Yahoo is now considering a sale of its core business, instead of a spin off, according to a report by Bloomberg on Friday.
Yahoo stock went up as much as 3.5% following the report.
The report said that Yahoo hasn’t hired a bank or contacted potential buyers, yet, citing anonymous sources, but noted that it represents a “shift in the internal thinking” about what to do with its core business.
Yahoo said in December that it was exploring a plan to spin off its core business into a separate publicly traded company. Yahoo’s chairman stressed at the time that the company was not putting itself up for sale, though he acknowledged that Yahoo would have to entertain any offers it received. Prior to that, Yahoo was considering a spin off of its non-core business, including its stake in Alibaba.
The news comes on the heels of a letter activist shareholder Starboard sent to Yahoo’s board, which urged “significant changes” in Yahoo’s management, board, and strategy. The letter implied that Starboard would run a proxy fight if Yahoo didn’t make these changes.
Yahoo’s growth has stalled in recent years and investors are increasingly growing impatient with Yahoo CEO Marissa Mayer’s performance. Excluding Yahoo’s stake in its Asian assets, investors are essentially giving zero value to Yahoo’s core business, which include its online content and advertising units.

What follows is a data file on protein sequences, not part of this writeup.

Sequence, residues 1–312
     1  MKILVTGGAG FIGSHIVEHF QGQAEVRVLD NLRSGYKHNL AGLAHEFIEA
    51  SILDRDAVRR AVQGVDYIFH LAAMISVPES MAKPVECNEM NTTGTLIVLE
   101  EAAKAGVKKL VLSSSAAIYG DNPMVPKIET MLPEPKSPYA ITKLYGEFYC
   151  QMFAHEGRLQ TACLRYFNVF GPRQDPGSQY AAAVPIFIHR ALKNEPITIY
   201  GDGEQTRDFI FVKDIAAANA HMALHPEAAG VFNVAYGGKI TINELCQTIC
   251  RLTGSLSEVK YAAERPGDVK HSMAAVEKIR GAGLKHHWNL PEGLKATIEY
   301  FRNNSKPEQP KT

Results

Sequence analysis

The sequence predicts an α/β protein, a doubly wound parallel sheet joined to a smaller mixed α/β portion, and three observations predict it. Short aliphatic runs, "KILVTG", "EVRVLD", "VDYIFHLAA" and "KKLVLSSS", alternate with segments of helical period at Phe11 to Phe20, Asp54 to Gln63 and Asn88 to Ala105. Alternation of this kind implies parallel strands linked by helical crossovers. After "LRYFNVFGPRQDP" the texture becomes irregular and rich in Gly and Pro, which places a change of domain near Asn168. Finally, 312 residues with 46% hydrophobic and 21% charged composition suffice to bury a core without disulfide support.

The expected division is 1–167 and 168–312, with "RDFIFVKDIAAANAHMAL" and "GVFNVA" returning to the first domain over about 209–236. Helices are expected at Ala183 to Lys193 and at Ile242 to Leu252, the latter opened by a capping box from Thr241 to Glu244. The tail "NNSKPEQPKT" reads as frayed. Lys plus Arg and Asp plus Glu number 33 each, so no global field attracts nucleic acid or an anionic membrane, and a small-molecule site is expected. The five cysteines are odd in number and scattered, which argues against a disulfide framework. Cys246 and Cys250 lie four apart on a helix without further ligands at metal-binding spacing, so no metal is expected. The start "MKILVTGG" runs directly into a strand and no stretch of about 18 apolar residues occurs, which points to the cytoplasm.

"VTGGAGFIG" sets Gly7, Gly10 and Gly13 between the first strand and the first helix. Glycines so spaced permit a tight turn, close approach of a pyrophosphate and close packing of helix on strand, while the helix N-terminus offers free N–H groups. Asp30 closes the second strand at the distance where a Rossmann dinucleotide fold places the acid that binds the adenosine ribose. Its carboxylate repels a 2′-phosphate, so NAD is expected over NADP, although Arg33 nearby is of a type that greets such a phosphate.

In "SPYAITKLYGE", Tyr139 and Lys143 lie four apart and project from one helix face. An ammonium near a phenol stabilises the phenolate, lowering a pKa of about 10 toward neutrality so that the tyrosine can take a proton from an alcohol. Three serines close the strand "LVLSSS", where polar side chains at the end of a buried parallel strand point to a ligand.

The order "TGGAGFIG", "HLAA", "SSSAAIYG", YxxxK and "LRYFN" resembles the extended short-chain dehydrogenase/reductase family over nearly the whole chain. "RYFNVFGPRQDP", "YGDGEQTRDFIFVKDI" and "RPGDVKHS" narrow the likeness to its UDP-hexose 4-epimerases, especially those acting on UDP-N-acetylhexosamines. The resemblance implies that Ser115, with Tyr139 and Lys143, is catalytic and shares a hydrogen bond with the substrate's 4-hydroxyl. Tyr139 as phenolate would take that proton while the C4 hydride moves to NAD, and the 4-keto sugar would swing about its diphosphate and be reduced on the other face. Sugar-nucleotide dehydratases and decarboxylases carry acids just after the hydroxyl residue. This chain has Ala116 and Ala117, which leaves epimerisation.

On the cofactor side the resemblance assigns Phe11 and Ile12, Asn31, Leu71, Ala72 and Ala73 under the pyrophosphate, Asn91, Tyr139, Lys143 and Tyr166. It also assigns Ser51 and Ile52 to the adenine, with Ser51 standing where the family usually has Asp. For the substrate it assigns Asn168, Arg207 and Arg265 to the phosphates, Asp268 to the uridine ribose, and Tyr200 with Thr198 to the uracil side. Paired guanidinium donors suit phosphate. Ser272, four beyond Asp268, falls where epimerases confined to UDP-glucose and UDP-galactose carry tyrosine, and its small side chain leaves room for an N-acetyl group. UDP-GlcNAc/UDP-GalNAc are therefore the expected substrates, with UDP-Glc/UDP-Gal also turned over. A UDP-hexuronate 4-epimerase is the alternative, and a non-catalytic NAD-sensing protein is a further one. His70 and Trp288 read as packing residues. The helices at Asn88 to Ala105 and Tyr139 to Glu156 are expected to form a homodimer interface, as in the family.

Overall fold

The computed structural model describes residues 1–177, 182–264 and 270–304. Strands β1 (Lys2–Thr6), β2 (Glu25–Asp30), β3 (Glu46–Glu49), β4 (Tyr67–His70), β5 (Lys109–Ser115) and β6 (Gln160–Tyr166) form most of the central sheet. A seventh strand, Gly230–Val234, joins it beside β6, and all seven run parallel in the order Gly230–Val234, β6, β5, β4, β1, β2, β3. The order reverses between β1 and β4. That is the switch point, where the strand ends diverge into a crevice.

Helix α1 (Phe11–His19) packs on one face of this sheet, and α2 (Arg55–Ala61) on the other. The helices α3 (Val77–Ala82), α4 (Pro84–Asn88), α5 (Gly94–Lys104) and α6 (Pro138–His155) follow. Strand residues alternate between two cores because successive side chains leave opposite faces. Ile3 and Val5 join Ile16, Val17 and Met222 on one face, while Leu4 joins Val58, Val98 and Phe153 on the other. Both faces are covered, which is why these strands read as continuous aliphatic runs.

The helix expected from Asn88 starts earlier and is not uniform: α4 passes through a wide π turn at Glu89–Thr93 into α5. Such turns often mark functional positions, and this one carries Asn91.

According to Business Insider’s Biz Carson, Yahoo is preparing to cut 10% or more of its workforce this month, as the company preps for a major organizational shake-up.
Wall Street analysts believe a sale of Yahoo’s core business is inevitable at this point. Big media and communications companies like Verizon, AT&T, and Comcast are believed to be front-runners to buy Yahoo’s core business, but some analysts believe it could be any large company with large amounts of user data.
Yahoo declined to comment on this article.
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